Opportunities for Unilever (External Strategic Factors)
Unilever must take advantage of growth opportunities in consumer goods markets around the world. This section of the SWOT analysis determines such opportunities or external strategic factors that can facilitate business development. The following opportunities are significant in Unilever’s external environment:
- Business diversification
- Product innovation for health
- Business enhancement for environmental conservation
- Market development
Unilever has opportunities to diversify by entering businesses outside the consumer goods industry. Diversification reduces market-based risks and improves business resilience. On the other hand, product innovation can increase Unilever’s product attractiveness by addressing the needs of increasingly health-conscious consumers. Similarly, the company has an opportunity to make its business more sustainable and environmentally friendly to attract and retain environmentally conscious consumers. In addition, market development can grow Unilever’s business by increasing revenues from the sale of its current products in new market segments. For example, the company can market its Lipton products as health drinks for consumers with special diets. The external strategic factors in this section of Unilever’s SWOT analysis point to major opportunities to grow the business despite its weaknesses.
Threats Facing Unilever (External Strategic Factors)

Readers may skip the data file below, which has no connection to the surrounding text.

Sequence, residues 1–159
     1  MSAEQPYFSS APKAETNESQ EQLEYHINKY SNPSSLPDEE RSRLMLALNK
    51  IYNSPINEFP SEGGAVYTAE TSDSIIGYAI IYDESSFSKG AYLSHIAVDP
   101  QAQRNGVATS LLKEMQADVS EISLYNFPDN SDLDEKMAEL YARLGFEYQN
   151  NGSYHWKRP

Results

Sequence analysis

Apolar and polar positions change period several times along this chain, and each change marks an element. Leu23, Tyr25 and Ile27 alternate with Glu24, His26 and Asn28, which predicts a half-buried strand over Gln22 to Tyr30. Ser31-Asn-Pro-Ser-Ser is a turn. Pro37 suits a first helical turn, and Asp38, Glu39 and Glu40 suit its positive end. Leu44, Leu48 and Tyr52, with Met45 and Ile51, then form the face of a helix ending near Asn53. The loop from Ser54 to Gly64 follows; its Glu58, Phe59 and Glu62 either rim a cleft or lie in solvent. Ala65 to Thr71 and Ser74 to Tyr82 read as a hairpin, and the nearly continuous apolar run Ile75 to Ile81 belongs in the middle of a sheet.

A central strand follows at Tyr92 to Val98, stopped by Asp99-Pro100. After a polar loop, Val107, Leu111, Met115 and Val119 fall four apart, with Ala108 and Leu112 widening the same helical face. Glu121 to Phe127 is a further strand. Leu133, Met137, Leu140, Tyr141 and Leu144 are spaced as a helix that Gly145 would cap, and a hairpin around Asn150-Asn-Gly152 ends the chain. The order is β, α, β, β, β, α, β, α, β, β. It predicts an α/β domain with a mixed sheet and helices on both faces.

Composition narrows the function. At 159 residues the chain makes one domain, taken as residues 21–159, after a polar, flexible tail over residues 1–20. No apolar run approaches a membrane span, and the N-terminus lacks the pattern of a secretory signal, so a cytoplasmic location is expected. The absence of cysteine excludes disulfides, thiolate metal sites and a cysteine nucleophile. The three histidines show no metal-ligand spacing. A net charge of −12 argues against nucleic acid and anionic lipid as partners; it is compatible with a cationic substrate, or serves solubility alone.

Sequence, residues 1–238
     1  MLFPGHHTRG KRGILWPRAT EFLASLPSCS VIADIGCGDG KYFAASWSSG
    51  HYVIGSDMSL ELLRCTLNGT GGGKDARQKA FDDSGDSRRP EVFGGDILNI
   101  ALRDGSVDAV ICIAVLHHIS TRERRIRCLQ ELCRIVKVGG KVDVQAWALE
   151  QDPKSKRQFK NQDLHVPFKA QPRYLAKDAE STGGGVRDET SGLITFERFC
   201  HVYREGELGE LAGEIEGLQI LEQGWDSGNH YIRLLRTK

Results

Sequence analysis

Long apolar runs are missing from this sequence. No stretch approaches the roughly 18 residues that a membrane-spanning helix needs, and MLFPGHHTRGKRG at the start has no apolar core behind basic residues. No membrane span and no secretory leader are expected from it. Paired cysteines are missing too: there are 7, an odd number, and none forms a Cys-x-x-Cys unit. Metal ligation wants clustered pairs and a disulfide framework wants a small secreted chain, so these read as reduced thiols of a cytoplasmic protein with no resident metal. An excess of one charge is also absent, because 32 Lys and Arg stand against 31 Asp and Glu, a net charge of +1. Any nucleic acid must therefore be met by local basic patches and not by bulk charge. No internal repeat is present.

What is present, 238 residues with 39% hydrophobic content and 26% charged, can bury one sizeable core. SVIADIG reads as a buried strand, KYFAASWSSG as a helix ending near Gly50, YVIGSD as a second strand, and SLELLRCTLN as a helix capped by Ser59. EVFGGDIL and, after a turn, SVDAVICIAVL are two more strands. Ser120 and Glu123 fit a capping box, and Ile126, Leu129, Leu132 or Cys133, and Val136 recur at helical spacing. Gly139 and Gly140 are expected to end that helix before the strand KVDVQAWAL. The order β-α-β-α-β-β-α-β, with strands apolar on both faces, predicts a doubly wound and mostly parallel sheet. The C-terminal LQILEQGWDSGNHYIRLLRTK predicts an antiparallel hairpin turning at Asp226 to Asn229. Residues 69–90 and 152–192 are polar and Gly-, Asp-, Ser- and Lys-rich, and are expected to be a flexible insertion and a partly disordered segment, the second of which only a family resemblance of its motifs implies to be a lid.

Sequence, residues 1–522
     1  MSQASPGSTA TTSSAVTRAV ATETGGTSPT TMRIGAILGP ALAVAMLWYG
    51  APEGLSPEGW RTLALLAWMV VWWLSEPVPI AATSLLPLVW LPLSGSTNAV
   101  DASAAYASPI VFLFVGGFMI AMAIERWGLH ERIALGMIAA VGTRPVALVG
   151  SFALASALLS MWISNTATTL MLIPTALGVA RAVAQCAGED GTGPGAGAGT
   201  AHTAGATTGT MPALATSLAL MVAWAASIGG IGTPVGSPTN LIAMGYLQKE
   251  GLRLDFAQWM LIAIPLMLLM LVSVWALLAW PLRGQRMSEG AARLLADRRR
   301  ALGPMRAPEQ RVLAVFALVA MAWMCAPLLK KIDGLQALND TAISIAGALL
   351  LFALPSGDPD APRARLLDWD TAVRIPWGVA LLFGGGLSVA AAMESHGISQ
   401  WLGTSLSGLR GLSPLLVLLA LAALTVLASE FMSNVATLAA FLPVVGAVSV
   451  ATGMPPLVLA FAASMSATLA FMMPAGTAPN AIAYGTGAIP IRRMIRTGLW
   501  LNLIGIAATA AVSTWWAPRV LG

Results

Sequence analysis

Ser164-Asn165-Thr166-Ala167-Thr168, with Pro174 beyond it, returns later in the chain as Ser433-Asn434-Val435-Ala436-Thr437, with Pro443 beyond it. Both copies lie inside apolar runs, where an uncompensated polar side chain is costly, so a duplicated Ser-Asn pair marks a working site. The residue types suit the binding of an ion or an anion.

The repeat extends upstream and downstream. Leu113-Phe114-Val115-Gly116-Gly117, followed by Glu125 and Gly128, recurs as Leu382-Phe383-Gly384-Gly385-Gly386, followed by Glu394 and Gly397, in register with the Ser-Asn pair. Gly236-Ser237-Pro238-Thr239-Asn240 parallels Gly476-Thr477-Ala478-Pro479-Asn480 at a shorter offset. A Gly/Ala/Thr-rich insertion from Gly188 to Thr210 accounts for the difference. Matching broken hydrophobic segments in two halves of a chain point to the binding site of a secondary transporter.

A variety of external factors can limit or reduce Unilever’s business performance. The SWOT Analysis model considers these external factors as threats that the company must strategically tackle. The following are the threats relevant to Unilever’s consumer goods business:
- Tough competitive rivalry
- Product imitation
- Increasing popularity of retailers’ house brands
Unilever faces tough competition, which is a threat based on the strengths of other firms in the industry. Competitors threaten to reduce the company’s market share and corresponding financial performance. Product imitation is also a major threat against Unilever. For example, local firms can develop products highly similar to Unilever’s. Also, retailers impose a threat by selling their own brands. These brands are known as house brands, store brands or generic brands. For example, Costco uses Kirkland Signature as a house brand, and Walmart has its own house brands that directly compete against Unilever’s products. Based on the external strategic factors in this section of the SWOT analysis of Unilever, strategies must focus on improving the company’s competitive advantage.
Unilever’s SWOT Analysis – Recommendations
This SWOT analysis of Unilever highlights a number of internal and external strategic factors that managers must include in strategy development. For example, the weaknesses of limited business diversification and imitable nature of products are significant because they influence business stability and performance. In this regard, a recommendation is to diversify Unilever’s business through acquisition of related firms not in the consumer goods industry. Also, Unilever needs to consider product innovation as an opportunity to boost business performance. It is recommended that the company must use its strengths, such as economies of scale, for product innovation to address competition and the threat of imitation.